Plumbago auriculata Lam.

Common names: Cape Leadwort, Plumbago (English); Blousyselbos (Afrikaans); umabophe (Xhosa/ Zulu) umasheleshele (Zulu)
Family: Plumbaginaeae

Plumbago auriculata

Plumbago is an extremely reliable, resilient plant which has been popular for home gardens as well as for commercial landscapes for many years. Plumbago may be found in gardens all over the world, and was apparently popular as a standard plant in Europe.

In nature plumbago is a scrambling shrub, about 3m x 3m. It grows in scrub and thicket (valley bushveld). The new growth is bright green, darker when mature. The leaves are thin in texture and have minute gland dots. The leaf stalk is winged at the base, and clasps the stem. Underneath the leaves are greyish green, sometimes with whitish scales apparently for light reflection.

White formIn summer the bush is covered with pretty trusses of pale sky blue flowers, although there are often flowers at other times of the year. The main flowering period is between November and May. "Royal Cape" is a darker blue form which is available in many nurseries. There is also a white form which is very attractive. It is slightly less vigorous than the normal blue but is a prolific flowerer and wonderful for working gardeners who only see their gardens in the twilight - the white blooms appear to glow in the dusk.

The distribution ranges from the southern Cape, Eastern Cape and into KwaZulu-Natal. It appears in Gauteng and the adjacent areas of the Free State and North West Province. There is also an isolated distribution in Mpumalanga. Plumbago shares a habitat with Tecomaria capensis, the Cape Honeysuckle.

White plumbagoThe genus Plumbago comprises 10 species from the warmer parts of the world. There are 5 species in South Africa.

The name Plumbago is derived from plumbum meaning lead - referring to it being a supposed cure for lead poisoning. Auriculata means ear shaped and refers to the leaf base. Plumbago auriculata was known as P. capensis, which was the name given by the botanist, Thunberg in 1794. However, the plant had already been named auriculata by Lamarck in 1786 in what was known as the East Indies where it had been taken as a garden plant! The Dutch East India Company trade routes included the Cape and this was most likely how the plant reached the East Indies.

Plumbago is visited by butterflies and is one of the larval foods plant for the common blue butterfly (Cyclyrius pirithous) which is apparently fairly common in gardens as a result of the popularity of plumbago as a garden plant.

Children often make "earrings" with the sticky flowers - letting them stick to their earlobes. There are sticky, gland tipped hairs on the flower calyx. The seed capsule retains the stickiness which presumably helps disperse the seed by attaching to animals. The top of the capsule splits opens and drops the seed out.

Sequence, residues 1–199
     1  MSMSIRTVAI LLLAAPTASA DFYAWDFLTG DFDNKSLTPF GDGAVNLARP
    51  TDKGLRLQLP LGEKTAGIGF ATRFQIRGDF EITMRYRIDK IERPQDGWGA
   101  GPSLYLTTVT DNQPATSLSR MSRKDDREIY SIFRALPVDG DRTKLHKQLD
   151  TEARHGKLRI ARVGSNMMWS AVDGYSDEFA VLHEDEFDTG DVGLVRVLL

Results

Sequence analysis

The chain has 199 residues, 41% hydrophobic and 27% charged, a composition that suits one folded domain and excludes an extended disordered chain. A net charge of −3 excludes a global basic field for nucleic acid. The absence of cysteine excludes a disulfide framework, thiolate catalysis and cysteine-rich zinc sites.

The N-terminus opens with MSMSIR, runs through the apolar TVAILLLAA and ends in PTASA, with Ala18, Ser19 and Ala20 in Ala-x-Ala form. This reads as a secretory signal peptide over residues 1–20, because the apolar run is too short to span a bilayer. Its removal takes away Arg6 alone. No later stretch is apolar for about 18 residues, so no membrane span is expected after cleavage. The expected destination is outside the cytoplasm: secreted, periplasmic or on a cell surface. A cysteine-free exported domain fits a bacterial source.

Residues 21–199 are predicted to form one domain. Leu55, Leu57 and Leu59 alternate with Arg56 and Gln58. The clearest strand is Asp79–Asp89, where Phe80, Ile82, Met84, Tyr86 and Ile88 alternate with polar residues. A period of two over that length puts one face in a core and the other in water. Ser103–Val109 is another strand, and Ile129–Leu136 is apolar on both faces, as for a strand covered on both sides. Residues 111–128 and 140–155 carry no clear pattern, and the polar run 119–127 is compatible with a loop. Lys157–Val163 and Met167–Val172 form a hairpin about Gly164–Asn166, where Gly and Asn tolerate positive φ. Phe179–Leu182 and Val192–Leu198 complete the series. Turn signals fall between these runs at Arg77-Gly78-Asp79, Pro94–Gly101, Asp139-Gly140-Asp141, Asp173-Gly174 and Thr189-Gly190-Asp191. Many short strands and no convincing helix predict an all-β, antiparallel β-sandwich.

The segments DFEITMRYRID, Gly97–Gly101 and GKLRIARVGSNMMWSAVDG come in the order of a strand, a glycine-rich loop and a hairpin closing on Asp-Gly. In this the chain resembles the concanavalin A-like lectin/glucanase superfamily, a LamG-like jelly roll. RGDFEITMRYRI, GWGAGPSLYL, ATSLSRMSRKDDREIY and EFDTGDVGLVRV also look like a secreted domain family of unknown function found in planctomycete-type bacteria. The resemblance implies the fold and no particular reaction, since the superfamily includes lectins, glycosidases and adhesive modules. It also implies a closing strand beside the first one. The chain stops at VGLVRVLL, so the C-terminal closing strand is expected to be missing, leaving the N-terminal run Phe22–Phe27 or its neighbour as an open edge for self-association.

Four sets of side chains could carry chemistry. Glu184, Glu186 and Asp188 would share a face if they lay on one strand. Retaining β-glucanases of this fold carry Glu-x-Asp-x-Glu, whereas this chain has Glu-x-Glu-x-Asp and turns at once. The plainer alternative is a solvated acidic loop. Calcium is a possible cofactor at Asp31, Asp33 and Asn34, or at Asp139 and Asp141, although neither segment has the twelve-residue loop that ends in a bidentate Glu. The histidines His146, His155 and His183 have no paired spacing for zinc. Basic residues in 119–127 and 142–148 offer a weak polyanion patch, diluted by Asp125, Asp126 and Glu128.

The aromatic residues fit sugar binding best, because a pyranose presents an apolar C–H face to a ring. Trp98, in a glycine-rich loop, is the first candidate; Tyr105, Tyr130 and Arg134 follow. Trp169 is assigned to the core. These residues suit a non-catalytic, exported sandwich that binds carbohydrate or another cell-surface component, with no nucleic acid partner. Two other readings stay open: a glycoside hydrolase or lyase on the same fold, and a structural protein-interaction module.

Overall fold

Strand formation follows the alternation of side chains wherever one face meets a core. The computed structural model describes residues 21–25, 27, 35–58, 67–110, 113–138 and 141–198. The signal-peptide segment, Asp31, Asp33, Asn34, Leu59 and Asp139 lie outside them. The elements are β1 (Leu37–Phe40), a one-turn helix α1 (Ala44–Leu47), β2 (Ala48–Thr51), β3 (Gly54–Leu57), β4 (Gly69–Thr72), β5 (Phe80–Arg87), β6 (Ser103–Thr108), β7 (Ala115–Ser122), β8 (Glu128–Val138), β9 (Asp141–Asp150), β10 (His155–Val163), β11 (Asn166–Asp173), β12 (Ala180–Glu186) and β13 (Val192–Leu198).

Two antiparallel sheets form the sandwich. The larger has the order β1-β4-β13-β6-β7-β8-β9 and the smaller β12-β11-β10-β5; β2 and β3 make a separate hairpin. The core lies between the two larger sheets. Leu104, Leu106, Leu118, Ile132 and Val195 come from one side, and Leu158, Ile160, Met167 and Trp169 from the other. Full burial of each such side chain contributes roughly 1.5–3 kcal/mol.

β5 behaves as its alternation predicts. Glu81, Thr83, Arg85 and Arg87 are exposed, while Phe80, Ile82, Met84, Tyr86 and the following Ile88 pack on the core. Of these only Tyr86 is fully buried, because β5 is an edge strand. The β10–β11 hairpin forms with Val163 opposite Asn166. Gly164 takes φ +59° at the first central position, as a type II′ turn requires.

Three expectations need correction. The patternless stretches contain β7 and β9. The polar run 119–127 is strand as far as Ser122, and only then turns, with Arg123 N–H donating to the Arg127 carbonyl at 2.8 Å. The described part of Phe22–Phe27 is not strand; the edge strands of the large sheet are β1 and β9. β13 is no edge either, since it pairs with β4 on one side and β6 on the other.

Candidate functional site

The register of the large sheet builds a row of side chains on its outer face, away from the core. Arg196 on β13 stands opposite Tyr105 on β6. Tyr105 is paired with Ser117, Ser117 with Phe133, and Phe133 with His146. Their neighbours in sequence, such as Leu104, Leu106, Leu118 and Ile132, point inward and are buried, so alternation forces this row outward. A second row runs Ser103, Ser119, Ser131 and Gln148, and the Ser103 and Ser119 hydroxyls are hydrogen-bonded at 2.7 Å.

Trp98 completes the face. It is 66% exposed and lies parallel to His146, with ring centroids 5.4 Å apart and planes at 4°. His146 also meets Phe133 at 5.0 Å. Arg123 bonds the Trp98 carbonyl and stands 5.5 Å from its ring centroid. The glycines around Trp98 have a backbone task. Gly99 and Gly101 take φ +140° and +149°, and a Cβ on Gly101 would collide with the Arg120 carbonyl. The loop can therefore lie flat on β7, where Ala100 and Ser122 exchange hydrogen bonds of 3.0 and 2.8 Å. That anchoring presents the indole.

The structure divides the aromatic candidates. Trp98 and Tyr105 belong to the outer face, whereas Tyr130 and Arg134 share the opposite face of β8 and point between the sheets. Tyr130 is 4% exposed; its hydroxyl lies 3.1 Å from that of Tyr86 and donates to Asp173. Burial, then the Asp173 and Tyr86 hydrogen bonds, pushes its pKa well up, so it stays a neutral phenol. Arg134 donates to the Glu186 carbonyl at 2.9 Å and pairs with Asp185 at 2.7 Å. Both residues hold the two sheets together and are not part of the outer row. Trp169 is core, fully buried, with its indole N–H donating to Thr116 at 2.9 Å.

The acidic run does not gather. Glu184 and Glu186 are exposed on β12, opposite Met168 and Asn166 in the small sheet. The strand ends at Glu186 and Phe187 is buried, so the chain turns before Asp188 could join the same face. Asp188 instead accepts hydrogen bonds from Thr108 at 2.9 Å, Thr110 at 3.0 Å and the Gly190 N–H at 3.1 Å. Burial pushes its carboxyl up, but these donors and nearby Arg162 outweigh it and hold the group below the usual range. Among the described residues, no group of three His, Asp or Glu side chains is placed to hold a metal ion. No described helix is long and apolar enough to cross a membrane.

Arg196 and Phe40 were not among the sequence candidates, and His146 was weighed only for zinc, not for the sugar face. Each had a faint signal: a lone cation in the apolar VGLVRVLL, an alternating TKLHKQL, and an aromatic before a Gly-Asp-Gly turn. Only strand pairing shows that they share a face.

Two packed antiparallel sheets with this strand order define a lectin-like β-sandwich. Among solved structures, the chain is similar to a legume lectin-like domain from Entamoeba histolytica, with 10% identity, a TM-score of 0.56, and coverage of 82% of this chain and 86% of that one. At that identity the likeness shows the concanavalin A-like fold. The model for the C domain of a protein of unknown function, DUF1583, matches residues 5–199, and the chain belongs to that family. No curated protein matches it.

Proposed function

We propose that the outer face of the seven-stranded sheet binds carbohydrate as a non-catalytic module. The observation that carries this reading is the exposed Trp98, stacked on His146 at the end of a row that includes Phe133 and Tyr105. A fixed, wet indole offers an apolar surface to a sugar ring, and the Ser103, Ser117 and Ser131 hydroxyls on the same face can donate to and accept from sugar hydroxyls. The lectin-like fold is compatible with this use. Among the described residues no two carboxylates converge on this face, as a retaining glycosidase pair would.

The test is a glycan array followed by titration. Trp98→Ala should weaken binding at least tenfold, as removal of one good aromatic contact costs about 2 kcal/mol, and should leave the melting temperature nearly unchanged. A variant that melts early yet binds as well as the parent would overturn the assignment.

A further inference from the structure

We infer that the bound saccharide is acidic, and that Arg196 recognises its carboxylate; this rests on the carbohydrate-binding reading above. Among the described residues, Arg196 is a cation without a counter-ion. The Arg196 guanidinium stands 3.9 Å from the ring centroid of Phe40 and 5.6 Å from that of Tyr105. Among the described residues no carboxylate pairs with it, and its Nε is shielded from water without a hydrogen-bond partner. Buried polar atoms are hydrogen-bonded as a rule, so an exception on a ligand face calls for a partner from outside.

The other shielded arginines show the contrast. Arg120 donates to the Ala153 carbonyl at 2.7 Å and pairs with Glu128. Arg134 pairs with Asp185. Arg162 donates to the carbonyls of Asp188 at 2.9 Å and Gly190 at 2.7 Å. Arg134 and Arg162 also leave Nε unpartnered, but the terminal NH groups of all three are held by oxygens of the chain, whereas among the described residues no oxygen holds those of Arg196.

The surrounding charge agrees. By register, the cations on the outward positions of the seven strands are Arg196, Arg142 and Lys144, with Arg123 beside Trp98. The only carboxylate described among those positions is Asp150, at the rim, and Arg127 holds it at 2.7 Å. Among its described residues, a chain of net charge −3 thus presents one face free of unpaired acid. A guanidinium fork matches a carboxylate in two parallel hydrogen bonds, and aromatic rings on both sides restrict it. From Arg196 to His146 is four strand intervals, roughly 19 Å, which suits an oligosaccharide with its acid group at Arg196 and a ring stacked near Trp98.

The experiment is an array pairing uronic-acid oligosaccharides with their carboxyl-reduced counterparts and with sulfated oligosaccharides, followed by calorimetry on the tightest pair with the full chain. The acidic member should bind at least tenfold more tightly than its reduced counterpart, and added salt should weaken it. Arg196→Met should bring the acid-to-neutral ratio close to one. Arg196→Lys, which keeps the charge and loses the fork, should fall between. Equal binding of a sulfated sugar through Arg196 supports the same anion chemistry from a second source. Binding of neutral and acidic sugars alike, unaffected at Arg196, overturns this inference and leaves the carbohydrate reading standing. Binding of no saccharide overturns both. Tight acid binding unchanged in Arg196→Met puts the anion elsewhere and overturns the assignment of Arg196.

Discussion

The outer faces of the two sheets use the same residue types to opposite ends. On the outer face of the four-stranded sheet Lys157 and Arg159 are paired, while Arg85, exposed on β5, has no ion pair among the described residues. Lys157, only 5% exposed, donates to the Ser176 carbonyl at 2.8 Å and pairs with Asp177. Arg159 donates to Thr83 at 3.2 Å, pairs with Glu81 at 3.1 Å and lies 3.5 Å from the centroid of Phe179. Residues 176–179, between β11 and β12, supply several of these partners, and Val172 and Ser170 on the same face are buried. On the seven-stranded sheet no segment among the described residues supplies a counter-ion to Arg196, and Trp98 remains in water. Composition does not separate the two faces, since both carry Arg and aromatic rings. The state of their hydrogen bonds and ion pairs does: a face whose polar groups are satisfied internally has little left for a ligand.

Plumbago is used traditionally to treat warts, broken bones and wounds. It is taken as a snuff for headaches and as an emetic to dispel bad dreams. A stick of the plant is placed in the thatch of huts to ward off lightning.

Growing Plumbago auriculata

Plumbago bushPlumbago makes a very good informal or formal hedge as it responds well to pruning. It will flower profusely after being cut back or after a growth flush, as it bears flowers on new wood. It may need to be cut back after winter to keep it tidy, even if this is only done every few years. Plumbago will scramble into trees if allowed and, depending on the size and style of your garden, you may need to control it. It is very useful in large gardens and landscapes as it forms suckers and will cover fairly big areas. It is fast growing, drought resistant and rewarding and will grow in any soil but will perform best if planted with plenty of compost. Plumbago is somewhat frost tender but will quickly re-grow if damaged.

A relatively recent South African trend is to attract birds and other wildlife to gardens by creating the right habitat. Plumbago makes a good, fast growing "exclusion zone" or bush-clump plant for attracting birds such as robins which like dense plant growth.

Plumbago is propagated easily from seed, cuttings and suckers. Sow seed in spring in seedling trays. Use good seedling mix and cover the seeds lightly. Do not allow to dry out. The easiest method of propagation is to remove rooted suckers from the mother plant.


References:

  • Batten, A. 1986. Flowers of Southern Africa. Frandsen Publishers. Sandton.
  • Joffe, P. 1993. The Gardener's Guide to South African Plants. Delos.
    Cape Town
  • Kroon, D.M. 1999. Lepidoptera of Southern Africa: Host Plants & other
    associations. Lepidopterists Society of Africa & D.M.
    Kroon. Sasolburg.
  • Migdoll, I. 1987. Field Guide to the Butterflies of Southern Africa. Struik.
    Cape Town
  • Pooley, E. 1998. A Field Guide to Wild Flowers of Kwazulu-Natal and the
    Eastern Region. Natal Flora Publications Trust. Durban
  • Van Wyk, B-E, van Oudtshoorn, B & Gericke, N. 1997. Medicinal Plants
    of South Africa. Briza Publications, Pretoria.

Alice Aubrey
Witwatersrand National Botanical Garden
December 2001



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